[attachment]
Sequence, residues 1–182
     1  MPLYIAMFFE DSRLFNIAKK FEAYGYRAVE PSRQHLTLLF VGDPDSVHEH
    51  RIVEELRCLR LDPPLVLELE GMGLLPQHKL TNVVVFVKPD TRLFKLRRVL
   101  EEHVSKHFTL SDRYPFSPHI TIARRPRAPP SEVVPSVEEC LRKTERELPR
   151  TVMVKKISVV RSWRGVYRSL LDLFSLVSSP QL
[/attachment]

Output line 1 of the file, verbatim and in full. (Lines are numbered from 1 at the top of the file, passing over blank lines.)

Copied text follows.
Sequence, residues 1–182